As a native of Beaver County, Pa., I am always glad to see hometown figures receive national recognition such as your Oct. 9 cover story on Joe Namath. But it is thoroughly disappointing when an event that completely eclipses Joe's is put somewhere in the inner pages.
Roberto Clemente's 3,000th hit, a feat achieved by only 11 men in the history of baseball, is in my opinion much more deserving of your cover.
When Roberto Clemente put on one of the greatest single performances in World Series history, you gave us Gus Johnson elbowing Dave DeBusschere on the cover. And now, after Clemente has achieved 3,000 hits, we see Joe Namath's smiling face for the eighth time in seven years. When Henry Aaron and Willie Mays made their 3,000th hits, you put them on the cover and also featured them in major articles. Clemente's feat gets only a few lines on pages 47 and 115.
Your failure to make Roberto Clemente your Oct. 9 cover subject typifies the indifference with which sports journalists have viewed the outstanding career of one of baseball's alltime great players.
Roberto's 3,000th hit is easily as notable a milestone as those of Henry Aaron and Willie Mays. Yet Clemente, whose lifetime batting average and four batting titles are highest among active players and who stands out as the best Latin American athlete ever to perform in the United States, has appeared on your cover only once, July 3, 1967.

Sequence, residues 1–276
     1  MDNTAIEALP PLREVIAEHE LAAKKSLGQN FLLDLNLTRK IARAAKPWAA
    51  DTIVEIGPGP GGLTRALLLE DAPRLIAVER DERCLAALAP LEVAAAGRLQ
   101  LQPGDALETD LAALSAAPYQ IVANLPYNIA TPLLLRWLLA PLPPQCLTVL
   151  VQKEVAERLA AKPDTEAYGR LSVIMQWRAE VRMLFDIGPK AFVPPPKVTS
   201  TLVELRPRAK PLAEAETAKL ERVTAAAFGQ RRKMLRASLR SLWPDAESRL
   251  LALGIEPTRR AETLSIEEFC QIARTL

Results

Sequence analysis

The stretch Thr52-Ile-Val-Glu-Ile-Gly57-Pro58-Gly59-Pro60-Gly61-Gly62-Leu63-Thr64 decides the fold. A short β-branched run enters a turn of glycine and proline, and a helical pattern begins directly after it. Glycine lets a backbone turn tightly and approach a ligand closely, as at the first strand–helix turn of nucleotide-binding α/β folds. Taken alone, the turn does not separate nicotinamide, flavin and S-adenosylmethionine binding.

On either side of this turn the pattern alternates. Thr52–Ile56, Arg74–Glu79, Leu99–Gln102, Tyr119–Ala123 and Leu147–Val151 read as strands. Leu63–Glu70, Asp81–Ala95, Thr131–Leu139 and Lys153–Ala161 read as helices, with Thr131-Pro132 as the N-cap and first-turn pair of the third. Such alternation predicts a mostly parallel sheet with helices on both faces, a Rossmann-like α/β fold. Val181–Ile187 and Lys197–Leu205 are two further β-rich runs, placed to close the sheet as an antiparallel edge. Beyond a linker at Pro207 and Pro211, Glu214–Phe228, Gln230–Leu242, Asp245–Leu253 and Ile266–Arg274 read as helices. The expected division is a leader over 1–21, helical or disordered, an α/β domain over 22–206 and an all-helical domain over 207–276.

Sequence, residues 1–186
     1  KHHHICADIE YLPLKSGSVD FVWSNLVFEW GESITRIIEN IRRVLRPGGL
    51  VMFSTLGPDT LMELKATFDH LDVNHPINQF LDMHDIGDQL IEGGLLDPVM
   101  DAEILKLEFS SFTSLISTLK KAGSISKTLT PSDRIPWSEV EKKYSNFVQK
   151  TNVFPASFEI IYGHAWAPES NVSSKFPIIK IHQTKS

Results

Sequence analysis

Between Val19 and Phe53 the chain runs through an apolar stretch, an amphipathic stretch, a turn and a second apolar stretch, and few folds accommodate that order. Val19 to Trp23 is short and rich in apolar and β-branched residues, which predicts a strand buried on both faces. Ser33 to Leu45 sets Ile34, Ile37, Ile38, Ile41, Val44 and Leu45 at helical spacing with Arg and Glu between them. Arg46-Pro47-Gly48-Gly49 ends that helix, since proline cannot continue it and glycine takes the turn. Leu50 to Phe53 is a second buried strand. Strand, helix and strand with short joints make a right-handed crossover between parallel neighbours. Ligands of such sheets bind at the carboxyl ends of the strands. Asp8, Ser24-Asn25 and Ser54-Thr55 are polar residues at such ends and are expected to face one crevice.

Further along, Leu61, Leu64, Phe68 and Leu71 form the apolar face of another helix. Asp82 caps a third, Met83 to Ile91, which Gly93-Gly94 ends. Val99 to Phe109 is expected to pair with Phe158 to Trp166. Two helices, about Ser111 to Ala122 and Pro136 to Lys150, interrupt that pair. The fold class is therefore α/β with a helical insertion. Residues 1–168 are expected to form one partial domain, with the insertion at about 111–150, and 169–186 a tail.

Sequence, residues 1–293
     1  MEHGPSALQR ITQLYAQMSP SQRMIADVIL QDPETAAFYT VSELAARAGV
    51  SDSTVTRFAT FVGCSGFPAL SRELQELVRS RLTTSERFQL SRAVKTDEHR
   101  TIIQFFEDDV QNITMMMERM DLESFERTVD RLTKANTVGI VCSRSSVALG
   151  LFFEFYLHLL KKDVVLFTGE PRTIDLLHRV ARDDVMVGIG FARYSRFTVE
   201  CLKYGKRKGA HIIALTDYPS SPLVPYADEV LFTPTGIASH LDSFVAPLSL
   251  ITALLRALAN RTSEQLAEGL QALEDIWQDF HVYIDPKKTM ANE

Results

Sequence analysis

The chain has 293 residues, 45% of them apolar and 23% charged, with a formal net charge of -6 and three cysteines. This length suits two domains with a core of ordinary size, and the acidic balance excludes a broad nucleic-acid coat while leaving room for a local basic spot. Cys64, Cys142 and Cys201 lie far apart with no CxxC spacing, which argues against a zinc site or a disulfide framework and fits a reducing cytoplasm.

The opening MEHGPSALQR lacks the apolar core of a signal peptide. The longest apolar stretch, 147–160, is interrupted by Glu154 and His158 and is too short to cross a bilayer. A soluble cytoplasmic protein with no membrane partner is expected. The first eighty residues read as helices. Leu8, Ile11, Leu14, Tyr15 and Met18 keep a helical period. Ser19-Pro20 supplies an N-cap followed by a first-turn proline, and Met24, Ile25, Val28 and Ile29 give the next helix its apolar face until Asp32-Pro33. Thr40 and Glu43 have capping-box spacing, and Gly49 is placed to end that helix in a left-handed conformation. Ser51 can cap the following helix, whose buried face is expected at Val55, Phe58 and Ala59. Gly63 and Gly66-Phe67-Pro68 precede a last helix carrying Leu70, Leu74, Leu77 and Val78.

My recommendation for Neil Leifer's 101st cover is Roberto Clemente. Give him the recognition he deserves!
JOSEPH P. O'DONNELL
I am glad to see that you have a hockey writer who knows what he is talking about (Hockey 72/73, Oct. 9). Mark Mulvoy tells it like it is in the NHL East Division. Although Boston has lost some talent, he states, "Still, there should be just enough Bruin left to beat New York." The New York Rangers have a fine team, but they can't play a physical game.
White Plains, N.Y.
Never in my life have I read such a biased job of reporting as was done by your Mark Mulvoy. Every other sentence was Bruins, Bruins and more Bruins. That is except when he was putting the knock on the New York Rangers. When he got tired of cheap-shotting the Rangers, he picked on the New York Islanders. And then for dessert he threw some unnecessary barbs at the New York Raiders.
Just because the Rangers decided not to be as tightfisted as the other NHL powers, they are painted as traitors. Mulvoy's assessment of Brad Park was most interesting—and most misleading. I can assure you that the Rangers would not pay $250,000 to a player who was not among the best in the league. Mr. Mulvoy thinks differently. All he talks about is Bobby Orr's knee. Brad Park almost singlehandedly carried the Rangers to the Stanley Cup. As it was, they came close to winning. But Mr. Mulvoy conveniently skips over this little tidbit of information. I shudder to think of the state of the world's learning if we all had Mr. Mulvoy's driving curiosity. Or is it more of that Bruin bias?
PHILLIP C. KIRSCHEN
I guess the Buffalo Sabres will have to make the playoffs this year or your writers will continue to belittle them. After all, they are going into their third year in the NHL and haven't won the cup yet! There are 15,360 people (or more) at nearly every Sabre game, including people who drive 60 miles (I do) for each game and pay handsomely for a season ticket. We love the Sabres and especially Gil Perreault, the best center in the league. Why not pick on another team now and then? Buffalo will be good, I promise.
Silver Creek, N.Y.